Government is working on a new agriculture insurance scheme to ensure farmers are not left at the mercy of rains; Finance Minister Arun Jaitley said on Sunday, even as he hoped “rain gods will be kinder this year” and helps check the prices of pulses and other food products.
He also expressed confidence that the economy is moving on an accelerated growth trajectory, while higher tax revenues, improving macroeconomic fundamentals and on-going reforms make 8-10 per cent growth “eminently achievable”.
Monsoon was above normal in June with 25 per cent excess rainfall despite a late arrival as well as a drought-like prediction and the rest of the monsoon may also be good, he said.
“It appears that the rain gods may be kinder this year to us. The farm department has informed me that with better rainfalls in most parts of the country, even for pulses, which at the moment are a cause of concern, productivity is likely to be much higher this year”, he said.
Speaking at the Nabard Foundation Day function, Jaitley said the “silver lining” is that revenue collection situation is expected to be more comfortable than last year.
He said with the on-going reform process, proposed GST, increased infrastructure investment and emphasis on smart cities, 8-10 per cent GDP growth is very much “in the sight”.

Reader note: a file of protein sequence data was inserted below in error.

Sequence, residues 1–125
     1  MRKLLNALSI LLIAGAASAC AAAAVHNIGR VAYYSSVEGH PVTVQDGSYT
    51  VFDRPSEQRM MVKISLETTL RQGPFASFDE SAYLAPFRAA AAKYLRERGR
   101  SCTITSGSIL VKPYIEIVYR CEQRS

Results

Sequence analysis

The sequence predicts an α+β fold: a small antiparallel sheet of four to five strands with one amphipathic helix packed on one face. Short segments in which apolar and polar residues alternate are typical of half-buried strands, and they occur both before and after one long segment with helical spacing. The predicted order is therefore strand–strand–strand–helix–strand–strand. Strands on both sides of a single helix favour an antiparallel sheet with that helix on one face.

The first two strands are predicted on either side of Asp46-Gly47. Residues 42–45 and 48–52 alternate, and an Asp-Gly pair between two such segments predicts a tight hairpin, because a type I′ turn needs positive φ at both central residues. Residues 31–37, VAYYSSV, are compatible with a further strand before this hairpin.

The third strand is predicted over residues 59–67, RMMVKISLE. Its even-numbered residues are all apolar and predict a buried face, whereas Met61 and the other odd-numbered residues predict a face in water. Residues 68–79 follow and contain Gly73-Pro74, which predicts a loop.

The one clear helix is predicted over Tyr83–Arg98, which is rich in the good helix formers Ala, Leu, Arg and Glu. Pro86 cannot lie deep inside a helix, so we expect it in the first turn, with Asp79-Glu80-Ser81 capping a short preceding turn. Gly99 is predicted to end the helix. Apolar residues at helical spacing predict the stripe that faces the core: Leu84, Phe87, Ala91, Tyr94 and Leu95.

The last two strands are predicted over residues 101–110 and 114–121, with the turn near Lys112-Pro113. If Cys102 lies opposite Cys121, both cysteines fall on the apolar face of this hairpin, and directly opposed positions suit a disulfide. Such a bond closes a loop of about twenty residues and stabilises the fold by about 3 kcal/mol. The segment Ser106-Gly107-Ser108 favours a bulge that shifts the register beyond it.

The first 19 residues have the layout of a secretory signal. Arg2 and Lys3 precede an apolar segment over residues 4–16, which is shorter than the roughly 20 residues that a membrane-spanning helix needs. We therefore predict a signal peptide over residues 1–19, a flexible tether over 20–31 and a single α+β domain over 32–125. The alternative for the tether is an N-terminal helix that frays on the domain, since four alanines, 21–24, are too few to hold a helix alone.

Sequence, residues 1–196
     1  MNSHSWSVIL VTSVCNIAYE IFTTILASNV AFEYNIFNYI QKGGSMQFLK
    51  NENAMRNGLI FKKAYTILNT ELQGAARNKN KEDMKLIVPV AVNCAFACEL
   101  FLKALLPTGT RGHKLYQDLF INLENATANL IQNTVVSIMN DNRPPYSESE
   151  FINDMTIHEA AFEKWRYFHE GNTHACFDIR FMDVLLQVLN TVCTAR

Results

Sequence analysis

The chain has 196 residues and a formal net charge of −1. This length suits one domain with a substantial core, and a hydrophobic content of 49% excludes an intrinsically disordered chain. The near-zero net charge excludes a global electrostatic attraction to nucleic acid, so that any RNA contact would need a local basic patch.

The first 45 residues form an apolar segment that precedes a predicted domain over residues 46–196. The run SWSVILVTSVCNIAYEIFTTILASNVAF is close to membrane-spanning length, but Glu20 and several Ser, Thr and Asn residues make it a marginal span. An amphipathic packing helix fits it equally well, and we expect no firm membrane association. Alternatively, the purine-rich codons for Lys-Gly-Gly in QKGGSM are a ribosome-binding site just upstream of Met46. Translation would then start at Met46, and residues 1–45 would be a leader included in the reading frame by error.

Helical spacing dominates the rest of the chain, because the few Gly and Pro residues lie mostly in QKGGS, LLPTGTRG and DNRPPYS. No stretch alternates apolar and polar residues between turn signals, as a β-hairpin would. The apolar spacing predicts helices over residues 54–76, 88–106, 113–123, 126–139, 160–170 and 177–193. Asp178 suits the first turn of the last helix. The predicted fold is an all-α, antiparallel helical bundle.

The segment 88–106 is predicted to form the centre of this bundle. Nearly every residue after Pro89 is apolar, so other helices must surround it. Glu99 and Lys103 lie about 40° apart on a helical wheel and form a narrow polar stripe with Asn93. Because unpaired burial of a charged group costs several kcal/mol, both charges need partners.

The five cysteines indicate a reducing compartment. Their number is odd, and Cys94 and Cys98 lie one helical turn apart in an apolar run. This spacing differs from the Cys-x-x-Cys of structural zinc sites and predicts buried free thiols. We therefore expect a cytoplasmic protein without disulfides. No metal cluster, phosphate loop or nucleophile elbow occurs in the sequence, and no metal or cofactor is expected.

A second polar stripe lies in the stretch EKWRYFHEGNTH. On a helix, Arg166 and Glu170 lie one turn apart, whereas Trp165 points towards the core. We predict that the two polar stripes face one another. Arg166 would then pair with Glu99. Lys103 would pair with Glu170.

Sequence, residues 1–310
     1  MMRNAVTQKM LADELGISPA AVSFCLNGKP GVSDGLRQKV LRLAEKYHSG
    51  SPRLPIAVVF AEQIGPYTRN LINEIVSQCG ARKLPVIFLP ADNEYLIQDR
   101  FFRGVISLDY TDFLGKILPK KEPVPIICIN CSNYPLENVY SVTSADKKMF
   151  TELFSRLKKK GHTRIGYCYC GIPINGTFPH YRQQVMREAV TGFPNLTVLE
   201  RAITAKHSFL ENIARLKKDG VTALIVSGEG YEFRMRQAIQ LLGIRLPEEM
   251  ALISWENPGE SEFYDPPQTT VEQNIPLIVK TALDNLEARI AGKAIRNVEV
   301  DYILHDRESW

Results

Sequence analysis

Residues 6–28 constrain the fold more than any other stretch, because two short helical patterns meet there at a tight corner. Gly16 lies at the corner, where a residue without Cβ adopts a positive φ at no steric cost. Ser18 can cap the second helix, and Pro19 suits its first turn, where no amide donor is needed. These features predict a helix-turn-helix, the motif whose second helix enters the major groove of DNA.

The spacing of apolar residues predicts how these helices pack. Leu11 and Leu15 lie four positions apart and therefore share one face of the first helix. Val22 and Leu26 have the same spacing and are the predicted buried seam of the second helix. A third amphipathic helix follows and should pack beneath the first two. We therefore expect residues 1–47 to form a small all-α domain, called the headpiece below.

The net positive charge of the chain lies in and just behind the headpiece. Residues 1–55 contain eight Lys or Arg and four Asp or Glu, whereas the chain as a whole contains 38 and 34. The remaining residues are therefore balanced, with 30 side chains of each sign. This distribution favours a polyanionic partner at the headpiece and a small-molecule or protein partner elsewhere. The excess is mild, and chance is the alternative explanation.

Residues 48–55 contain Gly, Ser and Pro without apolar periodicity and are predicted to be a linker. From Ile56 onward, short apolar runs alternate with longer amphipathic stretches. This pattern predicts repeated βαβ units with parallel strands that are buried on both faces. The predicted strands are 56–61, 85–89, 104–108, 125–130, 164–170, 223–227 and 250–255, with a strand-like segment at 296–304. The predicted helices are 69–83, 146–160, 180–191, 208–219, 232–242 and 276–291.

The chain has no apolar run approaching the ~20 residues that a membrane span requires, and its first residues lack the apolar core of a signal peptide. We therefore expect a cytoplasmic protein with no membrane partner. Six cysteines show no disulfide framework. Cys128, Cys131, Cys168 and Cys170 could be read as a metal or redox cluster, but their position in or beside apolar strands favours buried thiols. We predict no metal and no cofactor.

Allaying fears of any poor monsoon-driven troubles for the farmers and the consumers, Jaitley said the government has taken a number of initiatives, including the recently announced Rs 50,000 crore programmes for a national irrigation.
Promising more sustainable measures for the farm sector so that the farmers are not left to the mercy of rain gods, Jaitley said “hopefully, in the near future, a viable and vibrant insurance scheme will be in place for farmers.
The new agriculture insurance scheme will cover all the inputs put by a farmer into his farm as also the loans taken by him.
“Dr Ashok Gulati (Infosys Chair Professor for Agricultureat Icrier) just now made a very valuable presentation to the Finance Ministry where he came out with a doable and effective insurance programme, wherein the farmer is able to at least recover the basic inputs that he puts in, in the events of uncertainties created by more than one reasons,” Jaitley said.
The present crop insurance schemes cover only the loans which a farmer has taken from banks.
“With productivity levels reasonably low and 85 per cent farmers being small and marginal, the agriculture sector is afflicted by higher input costs, low level of irrigation, high indebtedness, absence of an effective insurance mechanism and adverse impacts of climate change,” he said.